Sometimes you need to put into words what you are feeling.
Sometimes you don’t. What if you can’t handle what you are feeling?
Sometimes you need to stop running and figure out what is really going on.
Sometimes you don’t. You need to get through just this one more thing.
Sometimes you need to step back and see the situation from another point of view.
Sometimes you don’t…
This week Big D left for school. I found myself filling the empty space with binge reading and working in my classroom. One afternoon I came home to our empty house and suddenly had an urge to go for an afternoon walk. As I walked I finally took the time to think about what I was feeling. The words “I am lonely” came into my mind. Now as I sit here typing on a Saturday morning, I think a better statement is that I feel loss. Even though I miss Big D, it wasn’t necessarily loss from his leaving. It was the accumulation of loss from the past year- the moving, the leaving, the good byes, the what could have beens. Some of that loss was brought back this past week as a university where some of my former students attend was attacked. My heart still hurts every time I hear about another attack.
I don’t want to be a person who is always talking about loss. I have so much. My husband and I love our new jobs in West Africa. Our children are in schools that allow them to grow and blossom. We have friends and family who love and support us. There is so much to celebrate. That is why I appreciate what Emily Freeman said in her book Simply Tuesday..
We like to talk about celebrating the gifts we have been given, but facing the losses is important too. Not to wallow, but to keep company with them long enough to recognize what part they play in our story, to name them, and eventually release them in the presence of Christ. Before we move too quickly to hope, it’s important to grieve the losses, to handle them, face them, and let disappointment do its deep work. (p. 178)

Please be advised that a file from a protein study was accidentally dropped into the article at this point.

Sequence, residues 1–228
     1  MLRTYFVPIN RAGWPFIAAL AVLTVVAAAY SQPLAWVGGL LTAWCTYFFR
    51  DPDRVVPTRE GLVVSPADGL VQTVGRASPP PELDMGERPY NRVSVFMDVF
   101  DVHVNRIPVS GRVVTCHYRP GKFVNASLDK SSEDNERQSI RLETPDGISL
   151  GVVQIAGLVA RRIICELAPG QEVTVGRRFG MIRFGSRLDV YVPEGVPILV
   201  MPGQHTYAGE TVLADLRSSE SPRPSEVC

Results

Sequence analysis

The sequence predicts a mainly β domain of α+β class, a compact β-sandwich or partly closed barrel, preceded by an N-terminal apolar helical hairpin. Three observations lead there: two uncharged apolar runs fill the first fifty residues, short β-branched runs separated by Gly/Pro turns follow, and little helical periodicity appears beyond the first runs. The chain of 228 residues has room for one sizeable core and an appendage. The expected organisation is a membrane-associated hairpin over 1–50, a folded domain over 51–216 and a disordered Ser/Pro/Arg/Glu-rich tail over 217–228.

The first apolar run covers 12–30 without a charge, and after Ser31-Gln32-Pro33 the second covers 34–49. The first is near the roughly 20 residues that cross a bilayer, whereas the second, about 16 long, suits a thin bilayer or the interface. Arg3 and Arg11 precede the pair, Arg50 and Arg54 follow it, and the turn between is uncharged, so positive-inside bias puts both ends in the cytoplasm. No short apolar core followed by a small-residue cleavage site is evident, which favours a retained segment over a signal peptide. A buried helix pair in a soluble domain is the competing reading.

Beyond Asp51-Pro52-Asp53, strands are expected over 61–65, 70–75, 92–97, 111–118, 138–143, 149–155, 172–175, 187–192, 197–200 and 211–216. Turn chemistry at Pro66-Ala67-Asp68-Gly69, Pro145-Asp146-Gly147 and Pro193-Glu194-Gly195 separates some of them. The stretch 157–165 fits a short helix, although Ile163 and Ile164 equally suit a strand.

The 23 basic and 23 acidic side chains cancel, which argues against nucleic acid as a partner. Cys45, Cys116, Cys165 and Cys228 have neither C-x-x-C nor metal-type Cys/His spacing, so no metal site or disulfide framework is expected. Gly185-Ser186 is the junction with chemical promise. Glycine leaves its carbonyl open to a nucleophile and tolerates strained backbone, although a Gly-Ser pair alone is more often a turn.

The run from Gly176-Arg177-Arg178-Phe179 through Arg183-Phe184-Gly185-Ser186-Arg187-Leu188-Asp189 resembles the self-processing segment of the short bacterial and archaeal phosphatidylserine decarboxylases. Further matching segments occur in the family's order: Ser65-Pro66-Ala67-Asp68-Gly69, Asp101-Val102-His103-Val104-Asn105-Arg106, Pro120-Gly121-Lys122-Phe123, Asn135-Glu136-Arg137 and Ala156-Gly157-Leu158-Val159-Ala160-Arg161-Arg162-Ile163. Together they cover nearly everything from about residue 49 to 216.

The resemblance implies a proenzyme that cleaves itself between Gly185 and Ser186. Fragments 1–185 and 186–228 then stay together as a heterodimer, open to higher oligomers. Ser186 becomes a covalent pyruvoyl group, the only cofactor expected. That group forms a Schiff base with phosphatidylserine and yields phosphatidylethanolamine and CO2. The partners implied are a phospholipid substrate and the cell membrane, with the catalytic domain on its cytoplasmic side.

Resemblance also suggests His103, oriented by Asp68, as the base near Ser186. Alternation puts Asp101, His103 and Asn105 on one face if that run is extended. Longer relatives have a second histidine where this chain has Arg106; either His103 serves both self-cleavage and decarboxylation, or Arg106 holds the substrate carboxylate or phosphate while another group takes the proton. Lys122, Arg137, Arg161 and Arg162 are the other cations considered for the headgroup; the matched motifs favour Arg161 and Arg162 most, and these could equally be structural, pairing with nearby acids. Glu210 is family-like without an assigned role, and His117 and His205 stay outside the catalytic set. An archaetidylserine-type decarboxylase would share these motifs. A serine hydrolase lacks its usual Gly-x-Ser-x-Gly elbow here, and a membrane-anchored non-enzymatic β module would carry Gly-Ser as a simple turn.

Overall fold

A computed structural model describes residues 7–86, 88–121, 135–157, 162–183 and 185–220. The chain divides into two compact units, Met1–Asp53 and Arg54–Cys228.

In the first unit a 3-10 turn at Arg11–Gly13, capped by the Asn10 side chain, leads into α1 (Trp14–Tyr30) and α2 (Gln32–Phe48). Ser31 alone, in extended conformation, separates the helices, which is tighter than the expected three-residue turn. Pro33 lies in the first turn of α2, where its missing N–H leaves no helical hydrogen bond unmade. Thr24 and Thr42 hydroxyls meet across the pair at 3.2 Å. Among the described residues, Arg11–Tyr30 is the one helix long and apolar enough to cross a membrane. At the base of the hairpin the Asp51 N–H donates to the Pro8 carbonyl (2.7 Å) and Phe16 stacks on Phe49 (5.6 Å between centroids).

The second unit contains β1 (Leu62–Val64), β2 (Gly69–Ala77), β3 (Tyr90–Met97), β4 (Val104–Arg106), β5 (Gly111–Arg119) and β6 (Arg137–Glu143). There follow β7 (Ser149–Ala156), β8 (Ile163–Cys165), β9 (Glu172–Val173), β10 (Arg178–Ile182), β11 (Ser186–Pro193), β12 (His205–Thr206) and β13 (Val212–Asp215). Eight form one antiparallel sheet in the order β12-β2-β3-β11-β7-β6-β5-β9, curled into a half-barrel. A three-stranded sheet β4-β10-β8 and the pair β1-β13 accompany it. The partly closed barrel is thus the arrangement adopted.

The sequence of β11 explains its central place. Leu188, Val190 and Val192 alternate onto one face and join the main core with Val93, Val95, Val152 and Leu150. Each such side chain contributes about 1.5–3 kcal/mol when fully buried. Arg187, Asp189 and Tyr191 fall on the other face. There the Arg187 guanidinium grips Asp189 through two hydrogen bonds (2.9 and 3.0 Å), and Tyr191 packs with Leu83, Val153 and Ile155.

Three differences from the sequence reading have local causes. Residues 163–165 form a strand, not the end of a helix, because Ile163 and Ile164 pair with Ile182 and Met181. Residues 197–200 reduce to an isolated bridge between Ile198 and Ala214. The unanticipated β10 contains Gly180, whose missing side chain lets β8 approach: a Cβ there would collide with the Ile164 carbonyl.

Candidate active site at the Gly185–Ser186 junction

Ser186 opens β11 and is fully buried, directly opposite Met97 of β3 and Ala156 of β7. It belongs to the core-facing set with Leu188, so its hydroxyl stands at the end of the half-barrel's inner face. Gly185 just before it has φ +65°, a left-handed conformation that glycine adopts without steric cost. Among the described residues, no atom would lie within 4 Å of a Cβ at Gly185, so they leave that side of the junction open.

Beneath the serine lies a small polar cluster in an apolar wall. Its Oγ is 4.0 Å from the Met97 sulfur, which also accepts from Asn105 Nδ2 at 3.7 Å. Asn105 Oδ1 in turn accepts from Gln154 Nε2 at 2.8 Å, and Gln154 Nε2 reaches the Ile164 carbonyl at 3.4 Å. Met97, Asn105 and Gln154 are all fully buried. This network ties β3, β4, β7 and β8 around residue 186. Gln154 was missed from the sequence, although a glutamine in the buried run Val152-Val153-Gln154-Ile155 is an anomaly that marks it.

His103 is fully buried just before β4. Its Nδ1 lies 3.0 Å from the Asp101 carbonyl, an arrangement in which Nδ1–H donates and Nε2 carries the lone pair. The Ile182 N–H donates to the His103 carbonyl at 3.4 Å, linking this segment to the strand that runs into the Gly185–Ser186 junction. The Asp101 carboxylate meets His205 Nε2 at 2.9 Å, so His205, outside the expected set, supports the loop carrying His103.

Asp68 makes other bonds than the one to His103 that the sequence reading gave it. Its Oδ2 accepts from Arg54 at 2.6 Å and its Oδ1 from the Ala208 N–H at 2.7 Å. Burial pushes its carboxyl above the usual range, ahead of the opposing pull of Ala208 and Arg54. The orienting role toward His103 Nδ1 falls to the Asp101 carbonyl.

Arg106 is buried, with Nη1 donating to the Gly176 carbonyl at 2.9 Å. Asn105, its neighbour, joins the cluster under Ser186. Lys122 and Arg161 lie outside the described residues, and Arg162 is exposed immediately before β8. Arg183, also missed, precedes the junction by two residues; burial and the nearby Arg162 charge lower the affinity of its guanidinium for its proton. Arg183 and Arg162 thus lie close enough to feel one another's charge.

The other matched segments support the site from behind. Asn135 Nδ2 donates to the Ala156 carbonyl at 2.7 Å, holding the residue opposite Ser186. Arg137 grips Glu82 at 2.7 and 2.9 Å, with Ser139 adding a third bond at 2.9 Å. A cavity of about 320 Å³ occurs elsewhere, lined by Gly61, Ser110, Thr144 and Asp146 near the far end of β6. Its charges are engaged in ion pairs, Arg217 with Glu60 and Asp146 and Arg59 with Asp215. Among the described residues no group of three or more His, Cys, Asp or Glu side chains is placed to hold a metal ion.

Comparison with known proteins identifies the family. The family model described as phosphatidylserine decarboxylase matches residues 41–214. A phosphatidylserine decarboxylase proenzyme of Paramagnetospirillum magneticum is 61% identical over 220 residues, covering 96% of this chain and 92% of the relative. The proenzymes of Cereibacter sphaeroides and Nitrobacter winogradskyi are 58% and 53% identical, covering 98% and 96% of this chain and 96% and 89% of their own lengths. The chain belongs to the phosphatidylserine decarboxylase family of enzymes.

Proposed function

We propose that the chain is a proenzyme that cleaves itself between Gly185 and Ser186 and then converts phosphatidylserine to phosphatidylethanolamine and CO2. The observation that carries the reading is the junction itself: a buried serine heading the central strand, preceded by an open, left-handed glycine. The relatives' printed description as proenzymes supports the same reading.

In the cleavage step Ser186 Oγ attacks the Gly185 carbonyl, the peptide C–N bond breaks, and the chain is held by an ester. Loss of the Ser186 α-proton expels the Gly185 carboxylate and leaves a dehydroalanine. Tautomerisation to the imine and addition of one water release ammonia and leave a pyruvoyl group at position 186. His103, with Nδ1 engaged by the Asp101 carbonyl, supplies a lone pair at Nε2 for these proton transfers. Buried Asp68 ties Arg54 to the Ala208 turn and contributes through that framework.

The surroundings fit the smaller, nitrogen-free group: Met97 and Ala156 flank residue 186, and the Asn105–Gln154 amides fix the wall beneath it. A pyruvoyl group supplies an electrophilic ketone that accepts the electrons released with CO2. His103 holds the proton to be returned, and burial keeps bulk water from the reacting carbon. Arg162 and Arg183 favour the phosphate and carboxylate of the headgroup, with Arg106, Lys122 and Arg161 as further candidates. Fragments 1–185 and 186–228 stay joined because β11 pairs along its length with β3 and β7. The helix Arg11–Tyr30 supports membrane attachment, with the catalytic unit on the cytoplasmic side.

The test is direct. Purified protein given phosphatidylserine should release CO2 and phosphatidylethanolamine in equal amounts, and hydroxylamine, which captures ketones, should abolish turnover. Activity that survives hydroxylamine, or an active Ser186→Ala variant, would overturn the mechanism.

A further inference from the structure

So this morning I am taking the time to grieve the loss- to remember and put into words what I am feeling. King David did that in the Psalms. He put his loss into words. Of course his words are much more poetic than mine but I think the important thing is not the wording but who the words are directed too. It is only when I acknowledge my feelings to God and give those feelings to Him that they can be dealt with. I love how so many of the Psalms begin with “woe is me” and “everyone is after me” and end with “my hope is in God” and a declaration of who God is. At the beginning of the summer I took the time to process and then I just didn’t. The thing is grief is not just a one time thing and then it is done. Grief is a process. In the same way, my relationship with God is not just one morning of journaling but a daily remembering of who God is. In that daily remembering, I acknowledge who I am and what I am feeling so that I am free to once again remember who God is and that He alone can fill those empty spaces.
I love the story of Elijah meeting God on the mountain. Elijah just came off a victory in a showdown with the prophets of Baal and just a few days later ran due to a threat from Jezebel. In I Kings 19, Elijah who was on the run was cared for by ravens next to a brook and then sent by God to the mountain of God. Upon arriving at the mountain, Elijah experienced a strong wind then an earthquake followed by fire, but God was not in any of these. Instead God was in the small voice that asked Elijah what he was doing there. Elijah’s response didn’t match God’s question. Elijah proceeded to tell God how faithful he had been and recited all his losses. But then again God’s response to Elijah didn’t seem to match Elijah’s answer either. God refocused Elijah by giving him a task and part of that task would be training the prophet who would take his place. Then as an afterthought, God told Elijah that there were 7000 in Israel who had stayed faithful to Him. It almost seems like God didn’t hear Elijah. Shouldn’t God have said something like, “I am sorry you feel that way,” or “What you are saying is not really true.” The great thing about God is that he sees all of us inside and out. On that day, Elijah didn’t need a pep talk, Elijah needed a task. God knew that. Just like God knew when David poured out his heart in the Psalms that David needed to be reminded of who God was and where David’s true hope rested.
Sometimes I need to just sit and write and wait and listen. I need to take time to see how the losses as well as the celebrations are a part of my story. By putting words to the loss, I make a way for hope to grow. By recognizing my loss, I see my weakness but also have the opportunity to see God in a new way. By seeing where I have been and God’s faithfulness in all things, I am made ready for what He has next.